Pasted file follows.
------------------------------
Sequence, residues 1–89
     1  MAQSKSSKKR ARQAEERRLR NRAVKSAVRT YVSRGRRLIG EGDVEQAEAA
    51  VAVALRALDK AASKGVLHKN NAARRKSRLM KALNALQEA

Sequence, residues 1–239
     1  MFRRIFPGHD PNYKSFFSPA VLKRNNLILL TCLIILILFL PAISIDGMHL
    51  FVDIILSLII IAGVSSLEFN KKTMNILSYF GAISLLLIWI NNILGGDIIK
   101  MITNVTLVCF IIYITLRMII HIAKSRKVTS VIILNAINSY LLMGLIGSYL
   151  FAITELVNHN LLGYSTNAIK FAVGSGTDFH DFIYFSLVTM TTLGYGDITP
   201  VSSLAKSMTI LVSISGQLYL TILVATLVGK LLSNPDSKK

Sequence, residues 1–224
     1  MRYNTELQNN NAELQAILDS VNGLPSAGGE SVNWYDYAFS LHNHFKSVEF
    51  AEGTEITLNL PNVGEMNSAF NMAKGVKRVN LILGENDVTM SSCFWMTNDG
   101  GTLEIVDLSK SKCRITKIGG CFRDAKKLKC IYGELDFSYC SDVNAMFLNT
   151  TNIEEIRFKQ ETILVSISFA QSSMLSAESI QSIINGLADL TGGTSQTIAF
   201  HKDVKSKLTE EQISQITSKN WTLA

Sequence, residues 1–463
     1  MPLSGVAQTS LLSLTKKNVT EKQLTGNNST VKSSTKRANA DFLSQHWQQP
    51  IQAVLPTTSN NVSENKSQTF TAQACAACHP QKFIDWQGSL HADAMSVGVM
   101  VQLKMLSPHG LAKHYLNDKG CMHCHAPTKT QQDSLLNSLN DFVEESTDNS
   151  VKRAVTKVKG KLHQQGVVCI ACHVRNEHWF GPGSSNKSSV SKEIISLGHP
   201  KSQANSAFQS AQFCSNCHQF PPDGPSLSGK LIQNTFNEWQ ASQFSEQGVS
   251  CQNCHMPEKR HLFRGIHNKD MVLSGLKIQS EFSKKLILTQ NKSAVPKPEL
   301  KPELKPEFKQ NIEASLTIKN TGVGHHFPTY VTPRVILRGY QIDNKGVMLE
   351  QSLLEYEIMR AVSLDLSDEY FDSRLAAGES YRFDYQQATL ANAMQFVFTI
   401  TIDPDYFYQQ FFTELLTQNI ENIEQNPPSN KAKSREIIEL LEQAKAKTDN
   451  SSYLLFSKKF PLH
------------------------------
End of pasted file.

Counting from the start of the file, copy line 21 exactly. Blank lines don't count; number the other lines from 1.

   201  KSQANSAFQS AQFCSNCHQF PPDGPSLSGK LIQNTFNEWQ ASQFSEQGVS